Data Responds: Bears vs. Packers

| November 12th, 2017

Chicago came out of the bye flat, acting like nobody actually wanted to play a football game against their biggest rival. Their terrible kicker was good, but nobody else really was. The only thing that kept this game somewhat close was the fact that Green Bay is terrible, but they still won fairly comfortably on the road.

Let’s break down this embarrassing effort.

Offense

  • The first drive was simply awful. After two weeks to prepare, they ran into a loaded box on 1st down and lost a yard. After a nice pass picked up a first down, they again ran into a stacked box and lost a yard. The next play was both an illegal formation and a hold, setting Chicago up in 2nd and 21. At that point, the drive was over thanks to a combination of poor play calling and dumb penalties.
  • Rookie quarterback Mitchell Trubisky actually had a pretty good start to the game. He made good throws and got the ball to players in space. That changed as the game wore on and Green Bay dialed up the pressure. Trubisky got happy feet and starting pulling his eyes down from scanning the field too quickly. He also refused to throw the ball away, making him completely inept under any sort of pressure.
  • Green Bay’s five sacks weren’t all on the offensive line, but they were bad today too. Hroniss Grasu, making a start at center and shifting Cody Whitehair to right guard with Kyle Long out, was routinely pushed back into the backfield. The unit also picked up way too many penalties, with a nice mixture of pre-snap, during the play, and after the play mixed in.

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219 Comments

Across the Middle: 2018 Chicago Bears Coach Rankings

| November 9th, 2017

The Chicago Bears probably aren’t going to have a new coach in 2018. At least, not if they continue on their current pace.

Before the season I wrote that if the Bears won seven games, John Fox would be a lock to stay. Through eight games, they only have three wins, but have played the third-hardest schedule in the league, according to Football Outsiders. The last four games particularly have been really interesting.

It isn’t just that the Bears have gone 2-2. It’s that they really beat the crap out of one good team, should’ve won by a lot more against a mediocre team and were close to beating two of the best teams in the entire league.

It seems like the  majority of the fan base still isn’t happy. They don’t just want to win, they want to look good doing it. But that wouldn’t matter no matter who the coach is. Hell, a large percentage of those people want Jim Harbaugh, the master of the ugly wins, as the coach.

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182 Comments

DaBearsPod Week 10 Featuring Adam Jahns of the Sun-Times [AUDIO]

| November 8th, 2017

On this week’s EARLY episode:

  • We skip the monologue and get straight to a State of the Union phone conversation with Adam Jahns of the Sun-Times. He discusses all things Bears but with a major focus on John Fox’s status with the organization moving forward.
  • Reverend Dave complains about the broadcast teams assigned to the Bears, from Africa.
  • Seinfeld clips are inexplicably mixed in!

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183 Comments

Data Entry: Self-Scouting Chicago’s Play-Calling Tendencies

| November 7th, 2017

On to play-calling tendencies.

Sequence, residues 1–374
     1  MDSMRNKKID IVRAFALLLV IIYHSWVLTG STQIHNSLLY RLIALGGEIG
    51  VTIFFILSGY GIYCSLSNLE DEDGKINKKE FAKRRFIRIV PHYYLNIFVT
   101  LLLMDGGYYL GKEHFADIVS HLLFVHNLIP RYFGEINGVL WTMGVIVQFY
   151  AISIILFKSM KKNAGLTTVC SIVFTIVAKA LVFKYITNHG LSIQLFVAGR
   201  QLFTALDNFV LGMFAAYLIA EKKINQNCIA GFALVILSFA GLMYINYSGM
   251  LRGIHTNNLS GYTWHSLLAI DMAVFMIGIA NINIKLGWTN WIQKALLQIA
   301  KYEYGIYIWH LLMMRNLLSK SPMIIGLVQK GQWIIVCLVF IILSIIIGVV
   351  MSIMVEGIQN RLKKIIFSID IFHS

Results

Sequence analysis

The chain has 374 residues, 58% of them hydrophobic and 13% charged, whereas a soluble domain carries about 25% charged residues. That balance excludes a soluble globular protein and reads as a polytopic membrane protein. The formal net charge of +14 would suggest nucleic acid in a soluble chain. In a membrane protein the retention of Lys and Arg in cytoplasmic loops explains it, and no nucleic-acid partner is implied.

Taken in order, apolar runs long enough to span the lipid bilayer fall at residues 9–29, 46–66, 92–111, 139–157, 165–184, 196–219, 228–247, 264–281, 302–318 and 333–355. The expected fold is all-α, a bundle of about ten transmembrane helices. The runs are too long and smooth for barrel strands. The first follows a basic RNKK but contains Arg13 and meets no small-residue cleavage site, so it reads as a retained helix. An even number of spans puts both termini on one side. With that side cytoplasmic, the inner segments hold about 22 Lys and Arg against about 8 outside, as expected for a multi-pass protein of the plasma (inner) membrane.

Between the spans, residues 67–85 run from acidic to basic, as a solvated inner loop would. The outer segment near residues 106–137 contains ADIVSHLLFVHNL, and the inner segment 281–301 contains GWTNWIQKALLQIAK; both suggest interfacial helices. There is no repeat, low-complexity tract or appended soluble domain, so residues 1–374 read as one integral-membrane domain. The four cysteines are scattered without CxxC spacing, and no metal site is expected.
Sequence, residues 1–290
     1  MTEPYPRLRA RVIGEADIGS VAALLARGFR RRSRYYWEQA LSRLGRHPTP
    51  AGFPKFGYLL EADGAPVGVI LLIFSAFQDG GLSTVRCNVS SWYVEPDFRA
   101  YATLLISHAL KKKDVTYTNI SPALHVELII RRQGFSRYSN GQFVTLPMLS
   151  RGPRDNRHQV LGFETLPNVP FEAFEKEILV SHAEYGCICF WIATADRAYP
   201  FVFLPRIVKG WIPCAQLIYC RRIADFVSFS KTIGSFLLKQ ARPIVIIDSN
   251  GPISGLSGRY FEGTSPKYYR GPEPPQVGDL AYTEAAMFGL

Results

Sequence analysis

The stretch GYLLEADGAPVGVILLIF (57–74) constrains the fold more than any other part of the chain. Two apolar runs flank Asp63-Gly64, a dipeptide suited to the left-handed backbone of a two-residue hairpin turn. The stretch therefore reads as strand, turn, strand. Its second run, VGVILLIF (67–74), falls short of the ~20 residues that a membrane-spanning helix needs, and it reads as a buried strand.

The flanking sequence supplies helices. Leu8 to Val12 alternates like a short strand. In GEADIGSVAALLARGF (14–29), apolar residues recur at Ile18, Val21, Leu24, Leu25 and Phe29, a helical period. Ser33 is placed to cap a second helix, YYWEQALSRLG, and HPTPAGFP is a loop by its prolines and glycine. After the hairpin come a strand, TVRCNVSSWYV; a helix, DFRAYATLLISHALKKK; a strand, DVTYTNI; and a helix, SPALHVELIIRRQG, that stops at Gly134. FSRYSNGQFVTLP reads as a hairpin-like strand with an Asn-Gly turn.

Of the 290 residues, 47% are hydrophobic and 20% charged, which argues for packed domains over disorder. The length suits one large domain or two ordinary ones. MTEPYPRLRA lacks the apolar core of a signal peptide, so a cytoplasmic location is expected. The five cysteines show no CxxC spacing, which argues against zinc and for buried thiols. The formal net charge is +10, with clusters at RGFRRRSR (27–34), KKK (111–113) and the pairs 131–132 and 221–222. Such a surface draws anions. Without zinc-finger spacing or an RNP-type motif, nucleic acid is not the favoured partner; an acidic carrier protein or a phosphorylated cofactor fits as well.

There have been many, many complaints voiced about Chicago’s offensive play-calling this year, especially since Mitchell Trubisky took over at quarterback. With that in mind, I’m going to look at trends by down and distance in those 4 games. All statistics come courtesy of the fantastic NFL play finder from Pro Football Reference.

1st down

This should surprise absolutely nobody, but the Bears have been comically imbalanced on 1st down since Mitchell Trubisky started playing. They’ve had 95 first downs and called runs on 68 of them, good for 72% of the time (if you look only at the 1st 3 quarters, when game situations don’t impact calls as much, those numbers change to 54 runs on 70 plays, running 77% of the time).

Despite the predictability, they’ve actually been fairly successful running on average, picking up 4.5 yards per attempt, though it’s worth noting that drops to 3.0 when you remove two Jordan Howard runs of 50+ yards. 12 of those runs (18%) have lost yardage, and 20 gained 1 yard or less (29%). This has left the Bears consistently behind the chains, a problem that we’ll see compound on 2nd and 3rd down.

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66 Comments

Midseason Marks: Head Coach & GM

| November 3rd, 2017

The DBB team is evaluating the entire organization at this well-placed, exactly midseason bye week. The catch? Each of us is limited to ONE SENTENCE for each position group. Today we move to the men in charge.


Head Coach

Jeff: The Bears are significantly improved from last season, and the coach deserves a bulk of the credit, but their inability to run a modern offense could be the thing that sees him unemployed in January.

Andrew: Huge flaws in game management and preparation, but the Bears have improved drastically from Week One and the rookie quarterback is showing progress weekly and realistically, what more can we ask for? 

Data: John Fox would be a Hall of Famer if his career had started 30 years earlier.

DBB Grade: C+


General Manager

Jeff: Pace is 75% of the way to building the Bears into a legitimate contender but he faces a pivotal off-season in 2018, including a decision on the head coach with massive ramifications.

Andrew: The defense is stacked and it’s hard to blame Ryan Pace for what has happened to his wide receivers but a few bad free agent signings gave come back to bite him.

Data: Ryan Pace has had his hits and misses as GM, but you have to give him credit for building a great young defense from scratch.

DBB Grade: B